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How The Big Brands Leveraged Wimbledon and the World Cup


With Wimbledon and the World Cup being two of the world’s most famous sporting events, they are lucrative opportunities for marketers to get their brands in front of a global audience. From ad campaigns to competitions, limited edition collections to in-store activations, marketers of the big brands have been making effective use of their budgets to associate themselves with these events and engage with their audience, in hopes that they will raise brand awareness and more importantly, get a return on investment.

Summer 2018 has been a busy one for the marketing industry so far, with both of these tournaments taking place at once. Now that the winners have been announced and the buzz has died down, we decided to take a look at what the big brands did to capitalize on these major sports events.



Budweiser kicked off their global advertising campaign “Light up the Fifa World Cup” with a futuristic video showing AI drones delivering bottles of Bud to World Cup viewers across the world. The video contains no dialogue and almost looks like a WALL-E movie, making it easy for a global audience to understand and enjoy.

Budweiser was also an official sponsor of the World Cup and the #ManOfTheMatch trophy (shown above with Cristiano Ronaldo). As soon as the first half of the matches ended, fans could vote for their chosen player on Twitter, and the winner would be announced with Budweiser-branded video ads and 3D images of the players.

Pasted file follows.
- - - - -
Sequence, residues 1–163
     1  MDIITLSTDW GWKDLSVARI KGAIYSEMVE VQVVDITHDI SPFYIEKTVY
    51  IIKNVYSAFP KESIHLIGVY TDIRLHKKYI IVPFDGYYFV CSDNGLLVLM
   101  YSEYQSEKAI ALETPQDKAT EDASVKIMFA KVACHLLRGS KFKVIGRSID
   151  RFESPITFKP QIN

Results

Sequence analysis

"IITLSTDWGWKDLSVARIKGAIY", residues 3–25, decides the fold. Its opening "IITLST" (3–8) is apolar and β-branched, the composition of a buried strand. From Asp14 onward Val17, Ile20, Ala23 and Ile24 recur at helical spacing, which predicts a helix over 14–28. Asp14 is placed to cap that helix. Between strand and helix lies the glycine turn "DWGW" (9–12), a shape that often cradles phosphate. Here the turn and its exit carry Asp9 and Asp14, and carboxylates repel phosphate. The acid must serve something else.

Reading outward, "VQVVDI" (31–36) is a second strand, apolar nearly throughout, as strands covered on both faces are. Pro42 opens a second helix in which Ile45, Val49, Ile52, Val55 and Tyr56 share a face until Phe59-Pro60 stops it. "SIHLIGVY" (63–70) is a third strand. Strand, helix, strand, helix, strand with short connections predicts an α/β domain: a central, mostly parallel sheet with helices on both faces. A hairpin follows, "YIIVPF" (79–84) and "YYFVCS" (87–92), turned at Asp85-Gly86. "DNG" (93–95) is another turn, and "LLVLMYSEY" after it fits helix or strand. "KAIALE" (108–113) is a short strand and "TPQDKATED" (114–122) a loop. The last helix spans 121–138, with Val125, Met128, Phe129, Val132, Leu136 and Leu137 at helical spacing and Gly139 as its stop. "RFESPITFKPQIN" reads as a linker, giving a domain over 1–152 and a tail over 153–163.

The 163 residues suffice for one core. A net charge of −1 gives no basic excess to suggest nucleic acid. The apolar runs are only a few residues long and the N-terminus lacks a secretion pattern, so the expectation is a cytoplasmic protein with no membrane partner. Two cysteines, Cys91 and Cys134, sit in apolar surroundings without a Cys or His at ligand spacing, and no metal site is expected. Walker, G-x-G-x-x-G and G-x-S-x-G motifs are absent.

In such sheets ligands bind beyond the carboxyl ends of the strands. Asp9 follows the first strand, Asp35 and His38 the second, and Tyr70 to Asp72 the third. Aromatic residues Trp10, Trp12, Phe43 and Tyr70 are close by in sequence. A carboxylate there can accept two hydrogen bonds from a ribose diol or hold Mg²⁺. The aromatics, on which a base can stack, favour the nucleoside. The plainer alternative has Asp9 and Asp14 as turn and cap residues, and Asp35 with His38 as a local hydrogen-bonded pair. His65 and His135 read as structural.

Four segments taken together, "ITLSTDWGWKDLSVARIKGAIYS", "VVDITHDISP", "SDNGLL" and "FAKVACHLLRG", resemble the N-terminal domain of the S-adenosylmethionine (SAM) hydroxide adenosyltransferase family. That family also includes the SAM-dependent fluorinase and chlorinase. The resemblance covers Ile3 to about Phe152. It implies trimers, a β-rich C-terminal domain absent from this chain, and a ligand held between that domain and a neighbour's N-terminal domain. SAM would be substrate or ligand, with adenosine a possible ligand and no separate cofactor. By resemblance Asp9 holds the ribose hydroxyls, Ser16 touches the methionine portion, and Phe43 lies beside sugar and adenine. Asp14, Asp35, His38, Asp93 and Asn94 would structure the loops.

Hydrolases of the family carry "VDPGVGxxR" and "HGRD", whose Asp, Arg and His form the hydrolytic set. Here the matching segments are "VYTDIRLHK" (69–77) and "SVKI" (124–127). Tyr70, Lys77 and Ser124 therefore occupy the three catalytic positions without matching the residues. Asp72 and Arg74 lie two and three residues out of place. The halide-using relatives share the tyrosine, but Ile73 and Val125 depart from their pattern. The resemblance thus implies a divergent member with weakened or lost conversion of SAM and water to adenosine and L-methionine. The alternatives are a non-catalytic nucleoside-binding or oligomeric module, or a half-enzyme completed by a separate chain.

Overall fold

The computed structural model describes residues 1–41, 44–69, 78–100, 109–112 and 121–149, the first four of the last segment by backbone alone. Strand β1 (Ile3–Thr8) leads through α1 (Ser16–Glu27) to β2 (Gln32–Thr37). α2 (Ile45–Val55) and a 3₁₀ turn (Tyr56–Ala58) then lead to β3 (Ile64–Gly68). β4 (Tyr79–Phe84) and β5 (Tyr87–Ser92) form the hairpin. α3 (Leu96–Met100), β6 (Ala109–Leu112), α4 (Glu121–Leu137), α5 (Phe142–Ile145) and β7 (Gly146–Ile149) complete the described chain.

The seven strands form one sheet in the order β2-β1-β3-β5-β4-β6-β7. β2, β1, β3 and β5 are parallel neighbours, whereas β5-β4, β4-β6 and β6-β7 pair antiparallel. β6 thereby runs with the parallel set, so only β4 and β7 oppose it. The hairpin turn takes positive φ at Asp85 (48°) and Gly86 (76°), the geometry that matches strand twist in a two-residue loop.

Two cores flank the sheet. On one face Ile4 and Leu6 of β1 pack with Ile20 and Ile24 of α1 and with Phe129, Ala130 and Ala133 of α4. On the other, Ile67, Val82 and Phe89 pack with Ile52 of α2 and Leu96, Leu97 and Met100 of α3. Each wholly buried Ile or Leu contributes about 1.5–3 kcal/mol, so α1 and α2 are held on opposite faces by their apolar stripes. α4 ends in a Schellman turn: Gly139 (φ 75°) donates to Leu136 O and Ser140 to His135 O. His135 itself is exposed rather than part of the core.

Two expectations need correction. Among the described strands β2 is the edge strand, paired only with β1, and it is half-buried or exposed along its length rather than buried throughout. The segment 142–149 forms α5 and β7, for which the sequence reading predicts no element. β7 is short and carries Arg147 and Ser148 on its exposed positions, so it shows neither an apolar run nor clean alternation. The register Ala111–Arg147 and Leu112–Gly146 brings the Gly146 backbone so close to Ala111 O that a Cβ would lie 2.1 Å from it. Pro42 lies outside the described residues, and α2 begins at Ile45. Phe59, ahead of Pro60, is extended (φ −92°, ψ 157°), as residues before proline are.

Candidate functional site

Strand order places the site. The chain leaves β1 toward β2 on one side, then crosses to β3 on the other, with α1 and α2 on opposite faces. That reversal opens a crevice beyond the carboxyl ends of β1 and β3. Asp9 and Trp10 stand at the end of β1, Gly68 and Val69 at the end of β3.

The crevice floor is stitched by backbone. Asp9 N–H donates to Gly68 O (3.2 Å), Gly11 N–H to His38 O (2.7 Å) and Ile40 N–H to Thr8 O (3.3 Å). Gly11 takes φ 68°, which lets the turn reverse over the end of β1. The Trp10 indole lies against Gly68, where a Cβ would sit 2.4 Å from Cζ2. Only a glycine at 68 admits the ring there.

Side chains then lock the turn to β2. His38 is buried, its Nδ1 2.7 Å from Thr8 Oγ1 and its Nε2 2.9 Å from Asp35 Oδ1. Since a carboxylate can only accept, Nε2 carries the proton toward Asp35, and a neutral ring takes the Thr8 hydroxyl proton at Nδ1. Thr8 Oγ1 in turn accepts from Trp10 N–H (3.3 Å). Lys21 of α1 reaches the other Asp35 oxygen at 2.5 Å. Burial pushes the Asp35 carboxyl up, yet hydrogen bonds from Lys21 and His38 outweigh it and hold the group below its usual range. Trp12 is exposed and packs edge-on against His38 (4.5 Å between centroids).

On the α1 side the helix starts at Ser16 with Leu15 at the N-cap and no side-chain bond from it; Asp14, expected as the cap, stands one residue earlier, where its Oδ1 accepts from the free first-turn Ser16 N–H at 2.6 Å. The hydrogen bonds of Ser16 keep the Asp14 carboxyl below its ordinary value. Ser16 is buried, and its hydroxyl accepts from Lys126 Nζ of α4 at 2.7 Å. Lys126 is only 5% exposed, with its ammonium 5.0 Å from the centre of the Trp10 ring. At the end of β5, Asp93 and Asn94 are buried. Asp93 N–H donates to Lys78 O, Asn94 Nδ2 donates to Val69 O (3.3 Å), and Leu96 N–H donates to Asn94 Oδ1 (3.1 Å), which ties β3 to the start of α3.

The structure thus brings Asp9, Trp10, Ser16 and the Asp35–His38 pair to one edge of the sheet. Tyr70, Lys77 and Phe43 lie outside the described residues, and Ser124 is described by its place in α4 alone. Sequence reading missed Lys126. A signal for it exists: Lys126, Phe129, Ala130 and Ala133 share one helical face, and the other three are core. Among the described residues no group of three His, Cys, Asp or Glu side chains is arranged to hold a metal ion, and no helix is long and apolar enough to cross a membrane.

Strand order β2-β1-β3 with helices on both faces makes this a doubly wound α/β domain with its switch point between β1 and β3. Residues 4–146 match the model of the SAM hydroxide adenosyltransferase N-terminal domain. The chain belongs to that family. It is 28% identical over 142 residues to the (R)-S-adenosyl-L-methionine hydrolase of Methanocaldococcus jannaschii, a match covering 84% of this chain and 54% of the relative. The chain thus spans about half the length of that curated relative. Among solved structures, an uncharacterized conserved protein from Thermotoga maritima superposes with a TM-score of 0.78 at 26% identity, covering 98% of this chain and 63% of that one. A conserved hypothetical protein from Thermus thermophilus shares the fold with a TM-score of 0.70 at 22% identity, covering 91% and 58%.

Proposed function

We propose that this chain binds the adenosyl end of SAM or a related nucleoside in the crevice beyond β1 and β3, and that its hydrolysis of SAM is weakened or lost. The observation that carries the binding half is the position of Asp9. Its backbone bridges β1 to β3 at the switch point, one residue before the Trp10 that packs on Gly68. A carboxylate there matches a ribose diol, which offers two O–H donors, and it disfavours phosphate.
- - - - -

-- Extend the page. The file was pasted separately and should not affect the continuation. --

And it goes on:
Being such a large company with so many global divisions, Budweiser activated a wide variety of experiential marketing campaigns across the world, including this double-decker #BudBoat that floated on the Moscow River and offered food, drink, entertainment, viewing screens and even a jacuzzi to fans.

Ralph Lauren

Ralph Lauren has been the official outfitter of Wimbledon since 2006, dressing all of the on-court staff, producing limited edition clothing collections and inviting fashion influencers to watch the games from their VIP suite. To kick off their Wimbledon marketing activities this year, Ralph Lauren transformed a vintage bus into a mobile customization shop that parked near the tournament. This playful, experiential concept allowed customers to print their favorite Wimbledon-inspired graphics on to a polo shirt of their choice.

While the on-court uniforms remain the same, the limited edition clothing collections change each year and are available online. This year, Ralph Lauren received a little more press than usual after Meghan Markle, the Duchess of Sussex, was pictured wearing a striped blue and white Ralph Lauren shirt. This caused a stir amongst fashion publication which drove an immense amount of traffic to the website, and caused the shirt to sell out almost immediately.

British Airways

British Airways partnered with tennis star, Kyle Edmund to create this ad campaign. They served him the ‘ultimate challenge’ at a state of the art training facility at Heathrow, tasking him to navigate his way off the ground, around the skies, and back to earth again in a flight deck simulator. BA also showed its support for Kyle ahead of the competition by having a good luck message placed on a 787-9 Dreamliner which was unveiled in a photoshoot with Kyle wearing his newly released official Wimbledon kit.